Auto 2.0, cryptocurrencies and the future of streaming TV are just a few of the key debates that could shape industries and drive stocks in the coming year.
Could cryptocurrencies soon become a mainstream form of payment? How will Auto 2.0 change the landscape of auto manufacturing? Are we at an inflection point where attractive economics—not policy—drive rapid growth of renewable energy for the U.S. power sector?
While every year contains debates that redefine industries, 2018 promises some potentially major shifts. Investors continue to work through the implications of public policy, a leadership transition at the Fed, geopolitical developments and technology’s widening sphere of disruption in areas such as finance, energy and media.
In a new report, “Big Debates 2018—North America,” Morgan Stanley Research has identified 25 key debates for coming year. These are the debates that are likely to matter, that are likely to be settled (or significantly advanced) in the coming year and take a view that differs meaningfully from the current market consensus.
Here are 4 of those debates which are likely to drive marketplace conversations in 2018.
These are the debates that are likely to matter and are likely to be settled or significantly advanced in the coming year.
Will Auto 2.0 Carve-Outs Lead to Substantial Re-ratings?
Auto 2.0 is poised to bring more than just tech innovations like long range electric cars, shared mobility and driverless vehicles. It brings a collision of unprecedented secular, technological, and regulatory forces.
For Auto 1.0 firms, this could mean a window of opportunity to reassess and restructure their business portfolio. According to Adam Jonas, Head of Global Auto & Shared Mobility Research, the need for auto manufacturers and suppliers to attract capital, talent and partnerships means 2018 could be a year of strategic sub-IPO carve-outs across the auto industry.
“We’re entering year nine of the longest uninterrupted auto credit cycle on record, and auto makers and suppliers will find it hard to push earnings much higher, which will drive them to get creative on expanding the multiple. Carve-outs and other strategic actions could be a dominant auto theme this year.”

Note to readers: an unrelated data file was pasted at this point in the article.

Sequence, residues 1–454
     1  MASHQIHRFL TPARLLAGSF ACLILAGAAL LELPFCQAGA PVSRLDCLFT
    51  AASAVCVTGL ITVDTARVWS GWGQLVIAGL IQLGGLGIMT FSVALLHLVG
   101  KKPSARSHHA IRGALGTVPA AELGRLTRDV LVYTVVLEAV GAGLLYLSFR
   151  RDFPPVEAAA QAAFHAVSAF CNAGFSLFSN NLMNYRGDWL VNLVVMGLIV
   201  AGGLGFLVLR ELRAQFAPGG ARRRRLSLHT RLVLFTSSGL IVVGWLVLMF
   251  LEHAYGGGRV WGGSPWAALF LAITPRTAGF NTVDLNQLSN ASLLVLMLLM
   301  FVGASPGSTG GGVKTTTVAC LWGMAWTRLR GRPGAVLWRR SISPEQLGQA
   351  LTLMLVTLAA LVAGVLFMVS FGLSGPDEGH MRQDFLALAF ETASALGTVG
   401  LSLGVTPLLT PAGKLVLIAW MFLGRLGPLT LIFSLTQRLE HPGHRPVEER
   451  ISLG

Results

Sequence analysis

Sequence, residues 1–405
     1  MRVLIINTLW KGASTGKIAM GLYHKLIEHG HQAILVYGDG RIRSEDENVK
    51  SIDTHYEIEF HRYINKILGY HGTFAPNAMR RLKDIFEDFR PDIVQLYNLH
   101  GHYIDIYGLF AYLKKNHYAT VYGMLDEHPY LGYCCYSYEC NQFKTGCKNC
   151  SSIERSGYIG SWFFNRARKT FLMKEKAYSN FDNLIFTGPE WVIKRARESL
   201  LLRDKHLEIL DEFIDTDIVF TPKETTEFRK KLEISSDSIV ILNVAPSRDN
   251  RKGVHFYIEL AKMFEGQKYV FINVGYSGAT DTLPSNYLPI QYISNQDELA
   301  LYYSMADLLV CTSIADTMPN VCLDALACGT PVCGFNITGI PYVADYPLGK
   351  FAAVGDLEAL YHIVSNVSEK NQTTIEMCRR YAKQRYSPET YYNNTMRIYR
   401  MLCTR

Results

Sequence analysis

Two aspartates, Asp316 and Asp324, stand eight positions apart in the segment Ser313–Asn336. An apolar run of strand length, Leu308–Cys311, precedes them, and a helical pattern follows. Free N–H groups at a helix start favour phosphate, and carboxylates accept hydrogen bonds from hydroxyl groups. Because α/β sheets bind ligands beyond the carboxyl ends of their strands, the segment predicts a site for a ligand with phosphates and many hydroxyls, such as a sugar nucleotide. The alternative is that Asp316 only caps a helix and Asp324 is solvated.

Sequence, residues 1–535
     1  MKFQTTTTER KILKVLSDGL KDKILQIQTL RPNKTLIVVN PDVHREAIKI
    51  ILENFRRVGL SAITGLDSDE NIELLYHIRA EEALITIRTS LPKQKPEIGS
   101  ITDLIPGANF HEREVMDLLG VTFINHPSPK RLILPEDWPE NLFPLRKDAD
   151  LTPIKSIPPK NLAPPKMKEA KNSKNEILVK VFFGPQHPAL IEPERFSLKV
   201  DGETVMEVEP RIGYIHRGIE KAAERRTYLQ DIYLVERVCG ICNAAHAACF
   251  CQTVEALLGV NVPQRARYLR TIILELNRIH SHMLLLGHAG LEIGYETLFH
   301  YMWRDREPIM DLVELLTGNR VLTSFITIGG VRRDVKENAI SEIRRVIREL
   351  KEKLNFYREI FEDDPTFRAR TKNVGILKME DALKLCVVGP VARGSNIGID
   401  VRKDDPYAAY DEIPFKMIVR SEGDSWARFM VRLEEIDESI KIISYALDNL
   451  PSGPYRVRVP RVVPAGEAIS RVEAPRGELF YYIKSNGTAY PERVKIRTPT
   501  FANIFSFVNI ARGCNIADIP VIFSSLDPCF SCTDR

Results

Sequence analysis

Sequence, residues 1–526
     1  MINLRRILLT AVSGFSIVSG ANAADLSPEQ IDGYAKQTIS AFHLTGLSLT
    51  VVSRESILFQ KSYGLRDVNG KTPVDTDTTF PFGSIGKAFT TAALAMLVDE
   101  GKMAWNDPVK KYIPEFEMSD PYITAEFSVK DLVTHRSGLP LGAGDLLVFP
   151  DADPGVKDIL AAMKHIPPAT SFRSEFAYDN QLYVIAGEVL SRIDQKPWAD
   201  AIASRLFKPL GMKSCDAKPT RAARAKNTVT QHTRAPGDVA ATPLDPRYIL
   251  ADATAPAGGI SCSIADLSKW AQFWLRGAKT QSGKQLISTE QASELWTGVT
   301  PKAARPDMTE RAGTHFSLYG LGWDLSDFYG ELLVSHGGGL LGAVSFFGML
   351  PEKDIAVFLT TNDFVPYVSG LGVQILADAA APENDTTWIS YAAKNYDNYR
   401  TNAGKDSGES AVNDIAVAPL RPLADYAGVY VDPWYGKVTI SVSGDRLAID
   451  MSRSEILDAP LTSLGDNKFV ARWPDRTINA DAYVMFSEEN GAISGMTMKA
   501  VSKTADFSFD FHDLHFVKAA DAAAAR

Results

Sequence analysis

While some market observers still view carve-outs as occasional one-offs, mostly concentrated in the U.S., Jonas believes these carve-outs, along with numerous industry actions in 2018, will lead to substantial re-ratings across the entire auto space—and potentially have a bigger impact on stock prices than even the auto credit cycle.
Could Cryptocurrencies Pose a Threat to Incumbent Digital Payment Solutions?
A number of cryptocurrencies saw their values soar through 2017 and along with it, the perception by some industry analysts that cryptocurrencies could become an innovative payment tool near-term which could eventually threaten the existing credit card payments ecosystem.
But according to James Faucette, Equity Analyst for U.S. Communications Systems and Payments, while there is value in decentralized/distributed ledger technology, centralized systems for consumer payments still have formidable cost and efficiency advantages over cryptocurrencies.
“The higher structural costs associated with decentralization of a scaled payments ecosystem are likely to offset any benefits of security and speed. Distributed ledger systems also have clear disadvantages at the point-of-sale such as the ability to contest a charge, fraud protection and near-universal acceptance.”